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Leveson - the outcome

(139 Posts)
bunchamunchycrunchycarrots Wed 28-Nov-12 22:14:28

previous thread & another one

So, the report will finally be made public tomorrow - wonder what the outcome will be? Will Cameron actually go with the recommendations or not?


annehathaway Sun 02-Dec-12 22:26:44

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claig Sat 01-Dec-12 22:00:37

sorry, "Liitle England, curtain-twitching", not Middle England.

claig Sat 01-Dec-12 21:57:49

Our press is not free enough. They didn't publish photos that were shown in other papers in the world. They suppress stories that are printed in other papers in the world. There is no such thing as a truly free press, but let's not make it any less free than it already is.

Why not change libel laws and make a no win no fees legal system so that clever lawyers can challenge the press on behalf of the public who don't have the money to take the press on. Why not move to a freer system like in the USA.

Let's be careful not to let powerful, rich, possibly political backers use press illegality to further curtail freedom of teh public to know certain things. Let's not let some prominent celebrity luvvies who dsilike curtain-twitching Middle England views to create an atmosphere which might lead to stifling of a free press.

TheOriginalPan Sat 01-Dec-12 21:22:03

Point of info - wasn't it the DM that messed up the prosecution of the Stephen Lawrence 5 by publicising their details, photographs and some of the evidence against them, pretty much at the start?

having said this, I'll cease this line - the DM shouldn't necessarily be singularly on trial here.

claig Sat 01-Dec-12 21:20:37

' The Daily Mail reported on the leaked swine flu memo'

Have you forgotten that historic Sunday when the Mail released that story? Have you forgotten how it had to be mentioned on the Andrew Marr Show that Sunday? They couldn't ignore it, it was in the people's paper, sold to millions, it was only in the Mail on Sunday.

Long live freedom, long live Middle England, long live a free press, long live the Daily Mail!

claig Sat 01-Dec-12 21:13:41

'But buying a newspaper by the million doesn't make it a 'good thing' or beyond criticism'

Of course it is not beyond criticism; it could do lot more to expose the climate catastrophe con.

'not-guilty of peddling racists'
This was the paper awarded Newspaper of the Year 2012 by the distinguished Society of Editors, in part due to its outstanding coverage of the Stephen Lawrence case.

'middle-England scare-mongering rubbish'
that is a matter of opinion. The Daily Mail reported on the leaked swine flu memo - some politicianns, pharmacological corporations and plutocrats may think that was middle England scaremongering, but millions of Mail readers were interested to read a story that had not been publicised.

'In fact it lots of ways it's too easy a target.'

It ia a target by a luvvie in the Guardian which is the wrong target, which insults the people, and which undermines the case of serious illegality perpetrated by the press.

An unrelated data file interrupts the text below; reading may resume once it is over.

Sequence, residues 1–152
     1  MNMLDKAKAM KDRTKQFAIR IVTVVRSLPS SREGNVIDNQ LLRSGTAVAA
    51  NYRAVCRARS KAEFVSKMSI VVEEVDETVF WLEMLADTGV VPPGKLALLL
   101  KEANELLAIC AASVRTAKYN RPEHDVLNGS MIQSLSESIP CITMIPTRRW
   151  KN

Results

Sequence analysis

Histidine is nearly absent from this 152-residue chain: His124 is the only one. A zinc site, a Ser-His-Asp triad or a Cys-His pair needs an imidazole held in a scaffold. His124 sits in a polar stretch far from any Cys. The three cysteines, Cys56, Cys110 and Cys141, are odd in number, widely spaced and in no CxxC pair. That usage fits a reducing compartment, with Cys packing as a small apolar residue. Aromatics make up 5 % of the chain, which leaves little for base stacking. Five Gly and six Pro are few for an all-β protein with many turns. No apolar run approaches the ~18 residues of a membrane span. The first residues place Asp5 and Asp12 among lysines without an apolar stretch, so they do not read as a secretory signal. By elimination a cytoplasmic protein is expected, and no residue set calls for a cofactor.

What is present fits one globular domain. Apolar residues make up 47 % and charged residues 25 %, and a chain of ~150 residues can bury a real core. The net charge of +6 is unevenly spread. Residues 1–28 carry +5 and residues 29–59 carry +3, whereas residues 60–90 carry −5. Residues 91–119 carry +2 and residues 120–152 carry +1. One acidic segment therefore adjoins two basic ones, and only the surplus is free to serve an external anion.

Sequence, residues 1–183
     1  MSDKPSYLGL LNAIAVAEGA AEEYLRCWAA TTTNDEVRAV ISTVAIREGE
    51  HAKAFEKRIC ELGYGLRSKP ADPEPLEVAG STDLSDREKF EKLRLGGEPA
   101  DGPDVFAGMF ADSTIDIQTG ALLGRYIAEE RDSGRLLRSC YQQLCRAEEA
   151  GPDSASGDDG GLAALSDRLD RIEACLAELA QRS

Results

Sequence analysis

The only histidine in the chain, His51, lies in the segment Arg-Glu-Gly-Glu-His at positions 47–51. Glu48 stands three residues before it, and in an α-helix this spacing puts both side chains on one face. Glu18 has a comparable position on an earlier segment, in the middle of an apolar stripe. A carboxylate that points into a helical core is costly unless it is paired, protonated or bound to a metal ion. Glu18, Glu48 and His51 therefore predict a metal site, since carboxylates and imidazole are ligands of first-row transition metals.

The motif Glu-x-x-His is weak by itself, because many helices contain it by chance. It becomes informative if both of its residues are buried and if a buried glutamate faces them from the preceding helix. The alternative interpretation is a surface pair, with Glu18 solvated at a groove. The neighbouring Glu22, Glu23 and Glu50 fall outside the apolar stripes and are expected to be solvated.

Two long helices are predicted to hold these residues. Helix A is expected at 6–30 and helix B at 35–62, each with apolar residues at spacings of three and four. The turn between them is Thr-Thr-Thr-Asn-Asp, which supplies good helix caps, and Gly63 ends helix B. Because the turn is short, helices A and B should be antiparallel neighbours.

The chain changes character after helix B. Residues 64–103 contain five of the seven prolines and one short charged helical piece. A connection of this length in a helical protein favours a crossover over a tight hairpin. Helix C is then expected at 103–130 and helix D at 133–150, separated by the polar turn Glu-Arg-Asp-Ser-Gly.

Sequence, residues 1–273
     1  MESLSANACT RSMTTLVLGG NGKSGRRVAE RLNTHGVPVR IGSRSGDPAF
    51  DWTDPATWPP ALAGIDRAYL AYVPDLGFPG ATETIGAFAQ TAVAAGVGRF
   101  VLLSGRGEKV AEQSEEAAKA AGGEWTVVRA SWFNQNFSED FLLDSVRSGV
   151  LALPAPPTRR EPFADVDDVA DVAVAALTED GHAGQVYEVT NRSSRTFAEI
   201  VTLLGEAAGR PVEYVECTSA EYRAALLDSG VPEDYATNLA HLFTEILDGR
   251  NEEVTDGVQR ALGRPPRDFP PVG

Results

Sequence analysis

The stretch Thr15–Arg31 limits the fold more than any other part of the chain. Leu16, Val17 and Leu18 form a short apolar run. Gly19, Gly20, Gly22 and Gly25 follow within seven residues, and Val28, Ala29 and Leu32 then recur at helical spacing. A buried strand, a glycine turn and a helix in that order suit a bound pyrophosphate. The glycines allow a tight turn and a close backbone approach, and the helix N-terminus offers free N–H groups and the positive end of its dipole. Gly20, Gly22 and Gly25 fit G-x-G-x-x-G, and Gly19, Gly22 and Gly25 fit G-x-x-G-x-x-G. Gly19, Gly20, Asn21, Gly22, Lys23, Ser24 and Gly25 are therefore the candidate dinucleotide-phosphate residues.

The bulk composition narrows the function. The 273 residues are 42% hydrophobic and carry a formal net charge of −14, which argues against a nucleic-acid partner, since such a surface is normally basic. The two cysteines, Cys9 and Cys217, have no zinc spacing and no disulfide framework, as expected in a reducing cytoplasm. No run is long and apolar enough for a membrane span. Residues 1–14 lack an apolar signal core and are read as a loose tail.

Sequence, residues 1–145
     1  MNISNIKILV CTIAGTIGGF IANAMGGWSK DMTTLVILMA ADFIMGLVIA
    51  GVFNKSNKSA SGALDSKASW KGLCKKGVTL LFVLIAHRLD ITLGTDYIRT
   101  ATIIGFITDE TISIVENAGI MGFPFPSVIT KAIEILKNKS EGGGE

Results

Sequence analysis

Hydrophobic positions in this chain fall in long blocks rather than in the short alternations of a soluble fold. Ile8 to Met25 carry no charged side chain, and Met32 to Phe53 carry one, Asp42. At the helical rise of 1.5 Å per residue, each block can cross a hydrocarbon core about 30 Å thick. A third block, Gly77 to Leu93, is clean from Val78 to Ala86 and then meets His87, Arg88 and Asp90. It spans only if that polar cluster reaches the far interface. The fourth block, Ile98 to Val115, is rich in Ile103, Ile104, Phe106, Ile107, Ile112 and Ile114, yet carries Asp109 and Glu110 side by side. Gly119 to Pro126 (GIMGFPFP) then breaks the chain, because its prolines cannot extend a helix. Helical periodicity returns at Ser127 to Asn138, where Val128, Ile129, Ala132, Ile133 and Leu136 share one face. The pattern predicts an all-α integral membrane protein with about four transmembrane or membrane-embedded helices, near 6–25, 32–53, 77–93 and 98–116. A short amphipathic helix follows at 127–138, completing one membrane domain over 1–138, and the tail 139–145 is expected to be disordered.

TheOriginalPan Sat 01-Dec-12 21:02:05

But buying a newspaper by the million doesn't make it a 'good thing' or beyond criticism or not-guilty of peddling racists, middle-England scare-mongering rubbish. In fact it lots of ways it;s too easy a target.

claig Sat 01-Dec-12 21:01:54

I hope the Guardian, which some say is a serious paper, interviewed Tom Watson about this.

Guardian interviews with sanctimonious sleb luvvies who dislike the people's paper that outsells the Guardian by a wide margin may please progressives, but will not play well the people.

claig Sat 01-Dec-12 20:46:05

I would like to hear more from Tom Watson MP who was a hero and made great points about abuse of power, illegality and inappropriate influence on representatives of the people.

But luvvies who dislike a "Little England" view of the world will only make the public support the press.

claig Sat 01-Dec-12 20:32:00

'peddle his Little-England, curtain-twitching Alan Partridgesque view of the world'

What pomposity Coogan has, to compare in any way the editor of the Daily Mail, a paper read by millions, to his own minor comic character, Alan Partridge, who was funny for all of 5 minutes, and thankfiully no longer often appears on our TV screens.

claig Sat 01-Dec-12 20:22:32

Thank God we have a free press in the UK, where millions can choose to read the paper that Coogan dislikes. Long live freedom, long live the Daily Mail!

claig Sat 01-Dec-12 20:20:18

'which manages to combine sanctimonious, pompous moralising'

I don't remember many green, environmental articles on biodiversity, global warming and climate catastrophe. Has he got the Daily Mail mixed up with a certain left-leaning paper?

claig Sat 01-Dec-12 20:12:55

'The second was that of Daily Mail editor Paul Dacre. He is the embodiment of Fleet Street bullying, using his newspaper to peddle his Little-England, curtain-twitching Alan Partridgesque view of the world, which manages to combine sanctimonious, pompous moralising and prurient, voyeuristic, judgmental obsession, like a Victorian father masturbating secretly in his bedroom. This is the side of the press Cameron has sided with.'

Oh dear, oh dear. It sounds like unfunny Coogan is out of touch with the British public who buy the Daily Mail in their millions.

When no one any longer watches Coogan's comedies and movies and when no one any longer asks for his opinion, the public will still be buying the Daily Mail in their millions, and its online version will still probably be the most visited internet newspaper site in the world.

tb Sat 01-Dec-12 18:03:50